Top 10: Most Expensive Wines
Entertainment Correspondent - Every 2nd Wednesday
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There's more to wine than two-dollar Night Train. In the mid-'80s,
billionaire Malcolm Forbes paid approximately $155,000 at auction for a
bottle of wine. The bottle, which was believed to have come from Thomas
Jefferson's own collection and dated back to 1787, was then put on
display under strong lights and at the wrong angle. These conditions
eventually made the cork fall into the bottle, and the wine lost its
value and was thrown away.
Yes, it's true that you don't have to pay a fortune for a bottle of
wine, but keep in mind that you usually get what you pay for. If you
really want to impress that special lady, show her your cellar of fine
wines -- or at least display your knowledge of them. Read on to
discover the ten most expensive wines available on the market. Note
that all prices are in US dollars and were evaluated on the basis of a
750 ml bottle from a retailer.
Number 10Chteau Lafite Rothschild Pauillac 1996 - app. $287
Talk about being at the right place at the right time. In the mid-18th
century, a French politician was about to be shipped off overseas, but
not before visiting a physician. The doctor prescribed him some Lafite
wine as a tonic. This politician enjoyed it so much that he offered
some bottles to King Louis XV, and before long this wine became the
star of Versailles and was dubbed "the King's wine." Remarkably dark,
it sports mineral aromas of mint and black currant. Flavorful, its
texture is silky and lingers in the mouth.
Number 9Chteau Margaux 1995 - app. $402
Its color is almost black, yet it couldn't taste farther from ink.
Containing passionate fragrances of blackberry and cassis, this smooth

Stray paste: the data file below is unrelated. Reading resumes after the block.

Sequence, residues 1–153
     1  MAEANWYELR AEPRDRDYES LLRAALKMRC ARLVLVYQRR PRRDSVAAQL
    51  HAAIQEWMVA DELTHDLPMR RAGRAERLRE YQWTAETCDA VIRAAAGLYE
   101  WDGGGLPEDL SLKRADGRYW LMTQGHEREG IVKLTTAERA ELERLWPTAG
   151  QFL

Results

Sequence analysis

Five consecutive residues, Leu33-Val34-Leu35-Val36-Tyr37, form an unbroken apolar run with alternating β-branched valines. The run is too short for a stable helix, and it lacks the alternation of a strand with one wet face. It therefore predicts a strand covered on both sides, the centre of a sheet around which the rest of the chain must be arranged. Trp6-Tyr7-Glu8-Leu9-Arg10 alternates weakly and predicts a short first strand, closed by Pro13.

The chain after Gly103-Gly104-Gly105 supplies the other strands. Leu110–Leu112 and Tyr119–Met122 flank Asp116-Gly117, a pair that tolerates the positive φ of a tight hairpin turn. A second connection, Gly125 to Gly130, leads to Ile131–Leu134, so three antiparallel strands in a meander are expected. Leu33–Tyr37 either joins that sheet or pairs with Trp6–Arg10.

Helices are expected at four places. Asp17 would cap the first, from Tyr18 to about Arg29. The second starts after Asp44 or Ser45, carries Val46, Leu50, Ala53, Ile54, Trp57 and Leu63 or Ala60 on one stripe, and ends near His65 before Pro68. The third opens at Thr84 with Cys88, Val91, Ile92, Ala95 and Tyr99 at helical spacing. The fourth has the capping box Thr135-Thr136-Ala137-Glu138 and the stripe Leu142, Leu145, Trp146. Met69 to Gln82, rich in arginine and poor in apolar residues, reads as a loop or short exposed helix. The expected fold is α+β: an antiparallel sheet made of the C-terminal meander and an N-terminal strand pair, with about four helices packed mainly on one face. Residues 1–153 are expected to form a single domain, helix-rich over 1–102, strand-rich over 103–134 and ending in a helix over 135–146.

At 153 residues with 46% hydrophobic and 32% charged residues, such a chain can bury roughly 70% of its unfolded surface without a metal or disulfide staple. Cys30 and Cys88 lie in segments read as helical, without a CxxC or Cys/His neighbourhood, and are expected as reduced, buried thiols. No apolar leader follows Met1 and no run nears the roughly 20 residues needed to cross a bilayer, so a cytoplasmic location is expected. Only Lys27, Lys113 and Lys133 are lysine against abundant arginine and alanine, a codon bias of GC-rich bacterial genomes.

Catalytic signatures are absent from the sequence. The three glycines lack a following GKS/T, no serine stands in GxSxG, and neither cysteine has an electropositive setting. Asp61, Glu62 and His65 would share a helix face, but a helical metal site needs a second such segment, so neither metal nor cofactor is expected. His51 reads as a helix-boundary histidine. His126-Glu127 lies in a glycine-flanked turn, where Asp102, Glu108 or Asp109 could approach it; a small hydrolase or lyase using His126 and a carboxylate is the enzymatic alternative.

and racy vintage is powerful but still manages to be compact in its
fruit structure. This vineyard goes back a thousand years and it has
definitely mastered the art. The 1995 vintage recalls the 1986 for its
complexity but it's also a good reminder of the 1990 for its elegance.
The 1994 version is also quite expensive.
Number 8Chteau Haut Brion Pessac-Lognan 1982 - app. $528
What distinguishes Haut Brion is the fact that it produced the oldest
Bordeaux in the world. Founded in 1550, Jean de Pontac built everything
from the ground up for the sole purpose of winemaking. Soon after, he
opened a tavern in London to serve his wine exclusively. It was an
undeniable success. This red 1982 vintage is still youthful and quite
spectacular, holding its own against the best wines in the world. It
has matured well with time but isn't expected to improve in years to
come. So drink it soon!
Number 7Chteau Mouton Rothschild Pauillac 1986 - app. $592
Remember the Lafite Rothschild? The Chteau Mouton originated from the
English branch of the same family in the mid-19th century. They were
the first to launch special labels designed by famous artists such as
Chagall, Picasso and Warhol after World War II. Selected as one of the
top ten wines of 1986 by Wine Spectator magazine, this Chteau Mouton
will recall memories of chocolate, raspberries and spices. This
palatable vintage leaves an incredibly elongated aftertaste.
Number 6Chteau La Mondotte Saint-Emilion 1996 - app. $608
La Mondotte was purchased by the Neipperg family at the same time that
they bought Chteau Canon-La-Gaffelire and Clos de l'Oratoire.
Therefore, this tiny vineyard of little more than 11 acres was
condemned to play second fiddle for a number of years. But in 1996, La
Mondotte reached maturity and exploded on the wine scene. Fairly fruity
and exotic, this vintage is lavish and has a lengthy finish. It is
often compared to Le Pin.